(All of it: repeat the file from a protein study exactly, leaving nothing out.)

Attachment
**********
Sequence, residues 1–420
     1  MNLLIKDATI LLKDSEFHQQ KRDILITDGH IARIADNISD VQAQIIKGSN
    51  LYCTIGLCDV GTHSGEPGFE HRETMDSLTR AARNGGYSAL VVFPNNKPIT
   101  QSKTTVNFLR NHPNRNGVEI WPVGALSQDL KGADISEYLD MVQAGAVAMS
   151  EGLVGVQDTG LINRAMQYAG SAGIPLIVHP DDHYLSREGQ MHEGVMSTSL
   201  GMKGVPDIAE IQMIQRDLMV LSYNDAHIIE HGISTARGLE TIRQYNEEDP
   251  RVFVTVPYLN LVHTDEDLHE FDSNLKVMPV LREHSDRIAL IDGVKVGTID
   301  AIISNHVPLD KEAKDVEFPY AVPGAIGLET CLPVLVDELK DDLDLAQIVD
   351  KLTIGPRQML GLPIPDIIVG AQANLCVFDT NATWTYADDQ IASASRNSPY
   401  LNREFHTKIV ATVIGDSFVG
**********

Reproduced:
Sequence, residues 1–420
     1  MNLLIKDATI LLKDSEFHQQ KRDILITDGH IARIADNISD VQAQIIKGSN
    51  LYCTIGLCDV GTHSGEPGFE HRETMDSLTR AARNGGYSAL VVFPNNKPIT
   101  QSKTTVNFLR NHPNRNGVEI WPVGALSQDL KGADISEYLD MVQAGAVAMS
   151  EGLVGVQDTG LINRAMQYAG SAGIPLIVHP DDHYLSREGQ MHEGVMSTSL
   201  GMKGVPDIAE IQMIQRDLMV LSYNDAHIIE HGISTARGLE TIRQYNEEDP
   251  RVFVTVPYLN LVHTDEDLHE FDSNLKVMPV LREHSDRIAL IDGVKVGTID
   301  AIISNHVPLD KEAKDVEFPY AVPGAIGLET CLPVLVDELK DDLDLAQIVD
   351  KLTIGPRQML GLPIPDIIVG AQANLCVFDT NATWTYADDQ IASASRNSPY
   401  LNREFHTKIV ATVIGDSFVG